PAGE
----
The MLS regular season kicked off with much fanfare this past weekend and for good reason. Entering its 18th season, there’s plenty to be excited about with the league. But another competition kicks off today, one that’s arguably more important because it provides the chance for MLS to take the next step in its progression: the CONCACAF Champions League.
MLS History In the CCL
Created in 1962 as the equivalent to Europe’s Champions League, the Champions Cup, as the CCL was called until 2008, didn’t have American representation in the final until 1997 when Cruz Azul defeated the LA Galaxy 5-3. The Champions Cup era was a relatively successful one for MLS as DC United and LA combined for three finals appearances in a four-year period from 1997-2000, with both teams claiming one title apiece. But MLS expansion, while helping the league create a solid foundation, has naturally led to the death of stacked teams with as much talent as those DC and LA sides of the late ‘90s.
Since the tournament rebranded under the CONCACAF Champions League moniker, it’s been much tougher sledding for MLS clubs. The 2010-11 version of the tournament was the first time MLS had a team get past the quarterfinal round when Real Salt Lake made the final before losing in heart-breaking fashion to Monterey. Other than RSL it’s been a trail of failures at the hands of Mexican opposition for MLS – of the seven MLS teams that have qualified for the knockout stages since 2008-09, Mexican teams have knocked out five, while the other two exits were the result of matchups featuring two MLS teams.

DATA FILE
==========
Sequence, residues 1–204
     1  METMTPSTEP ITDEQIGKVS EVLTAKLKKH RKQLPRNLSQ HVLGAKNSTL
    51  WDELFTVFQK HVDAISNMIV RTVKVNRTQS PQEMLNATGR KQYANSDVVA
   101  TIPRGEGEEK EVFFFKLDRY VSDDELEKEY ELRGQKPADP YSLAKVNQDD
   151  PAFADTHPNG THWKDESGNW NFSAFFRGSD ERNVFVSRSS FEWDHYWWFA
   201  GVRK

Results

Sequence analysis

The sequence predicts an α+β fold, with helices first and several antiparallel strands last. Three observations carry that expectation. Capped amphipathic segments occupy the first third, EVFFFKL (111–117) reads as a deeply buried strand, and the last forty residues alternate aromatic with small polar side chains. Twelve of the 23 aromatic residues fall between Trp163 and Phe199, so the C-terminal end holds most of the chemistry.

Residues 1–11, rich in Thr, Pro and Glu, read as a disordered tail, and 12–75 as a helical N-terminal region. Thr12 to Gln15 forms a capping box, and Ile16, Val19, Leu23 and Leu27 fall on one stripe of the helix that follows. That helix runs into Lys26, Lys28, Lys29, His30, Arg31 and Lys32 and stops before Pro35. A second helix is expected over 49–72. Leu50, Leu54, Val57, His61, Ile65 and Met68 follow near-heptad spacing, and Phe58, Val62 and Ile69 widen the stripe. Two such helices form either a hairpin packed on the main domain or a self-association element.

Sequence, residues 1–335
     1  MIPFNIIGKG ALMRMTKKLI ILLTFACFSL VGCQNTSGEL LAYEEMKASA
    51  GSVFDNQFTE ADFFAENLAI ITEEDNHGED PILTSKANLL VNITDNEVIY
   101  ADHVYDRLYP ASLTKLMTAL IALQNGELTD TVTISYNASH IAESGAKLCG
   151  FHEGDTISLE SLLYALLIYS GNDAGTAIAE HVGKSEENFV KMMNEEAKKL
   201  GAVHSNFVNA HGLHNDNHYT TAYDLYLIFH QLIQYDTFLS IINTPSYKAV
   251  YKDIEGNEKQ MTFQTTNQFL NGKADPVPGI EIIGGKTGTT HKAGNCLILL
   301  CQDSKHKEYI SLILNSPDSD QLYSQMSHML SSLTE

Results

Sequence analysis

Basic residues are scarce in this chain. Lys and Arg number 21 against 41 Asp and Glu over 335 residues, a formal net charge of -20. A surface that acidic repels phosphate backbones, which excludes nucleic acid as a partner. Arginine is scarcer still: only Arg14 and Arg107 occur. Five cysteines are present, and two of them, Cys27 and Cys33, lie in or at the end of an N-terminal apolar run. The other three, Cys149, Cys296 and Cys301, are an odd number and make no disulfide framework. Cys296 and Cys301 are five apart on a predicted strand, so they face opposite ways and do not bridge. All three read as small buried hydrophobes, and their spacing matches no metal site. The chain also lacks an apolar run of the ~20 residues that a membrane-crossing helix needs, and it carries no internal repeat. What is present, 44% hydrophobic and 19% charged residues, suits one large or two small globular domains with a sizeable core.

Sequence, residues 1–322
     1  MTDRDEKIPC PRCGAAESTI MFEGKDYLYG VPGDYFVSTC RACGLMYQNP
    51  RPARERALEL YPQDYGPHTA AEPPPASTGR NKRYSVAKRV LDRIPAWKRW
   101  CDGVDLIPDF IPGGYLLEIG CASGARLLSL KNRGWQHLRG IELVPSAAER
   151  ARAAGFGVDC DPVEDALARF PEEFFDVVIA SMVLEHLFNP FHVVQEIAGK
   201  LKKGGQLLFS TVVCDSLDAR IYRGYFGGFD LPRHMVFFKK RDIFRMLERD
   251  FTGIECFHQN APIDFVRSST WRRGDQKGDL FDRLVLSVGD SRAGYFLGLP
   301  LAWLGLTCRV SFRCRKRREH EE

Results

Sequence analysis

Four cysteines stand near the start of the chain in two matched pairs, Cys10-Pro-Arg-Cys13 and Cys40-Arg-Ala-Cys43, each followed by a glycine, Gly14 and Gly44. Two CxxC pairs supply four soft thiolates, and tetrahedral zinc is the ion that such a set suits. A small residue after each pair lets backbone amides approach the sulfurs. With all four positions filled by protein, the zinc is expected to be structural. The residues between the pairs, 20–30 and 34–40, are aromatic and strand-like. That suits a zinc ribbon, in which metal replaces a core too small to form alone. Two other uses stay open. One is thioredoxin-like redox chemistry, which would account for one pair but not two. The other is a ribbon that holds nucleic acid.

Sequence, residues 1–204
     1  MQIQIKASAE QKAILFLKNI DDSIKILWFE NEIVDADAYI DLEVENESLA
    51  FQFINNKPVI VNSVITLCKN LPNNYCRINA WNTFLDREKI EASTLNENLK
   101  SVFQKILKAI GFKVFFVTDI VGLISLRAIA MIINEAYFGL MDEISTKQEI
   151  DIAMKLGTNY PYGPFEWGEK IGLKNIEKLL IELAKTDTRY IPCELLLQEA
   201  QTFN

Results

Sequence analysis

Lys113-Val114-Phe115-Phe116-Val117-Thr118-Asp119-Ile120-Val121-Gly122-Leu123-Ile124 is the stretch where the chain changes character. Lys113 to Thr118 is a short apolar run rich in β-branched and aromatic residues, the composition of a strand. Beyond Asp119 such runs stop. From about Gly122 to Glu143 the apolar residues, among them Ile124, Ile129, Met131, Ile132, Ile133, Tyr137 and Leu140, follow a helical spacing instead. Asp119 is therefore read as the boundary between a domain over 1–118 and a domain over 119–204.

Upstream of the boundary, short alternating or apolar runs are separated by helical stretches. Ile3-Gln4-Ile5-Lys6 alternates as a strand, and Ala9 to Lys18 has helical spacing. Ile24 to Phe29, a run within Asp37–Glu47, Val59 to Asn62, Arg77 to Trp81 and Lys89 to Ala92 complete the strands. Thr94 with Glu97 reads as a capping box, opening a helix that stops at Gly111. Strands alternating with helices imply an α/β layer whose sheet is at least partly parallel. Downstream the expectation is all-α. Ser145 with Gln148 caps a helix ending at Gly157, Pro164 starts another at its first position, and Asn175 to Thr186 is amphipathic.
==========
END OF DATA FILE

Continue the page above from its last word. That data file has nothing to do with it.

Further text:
Why the CCL?
Despite all the benefits that would come with winning the CONCACAF Champions League (we’ll get to those) only a few teams take the tournament seriously. Most clubs that qualify opt to field reserve-heavy sides rather than regular starters. That may work fine for the group stages when facing Caribbean minnows, but against talented Mexican sides fielding first-choice XIs, it won’t cut it. Dominic Kinnear, whose Houston side has a legitimate chance to win the competition, has already said he’s more focused on MLS and will likely play reserves in the team’s quarterfinal matchup with Santos Laguna. Why should Kinear and all the other MLS teams want to win the CONCACAF Champions League you ask? Simple: money and respect.
As we’ve seen time and time again, allocation money is a precious resource that allows clubs to keep talented teams together even with salary cap constraints. But in MLS, allocation money is difficult to come by for successful teams. A refresher from MLS’ 2013 roster rules: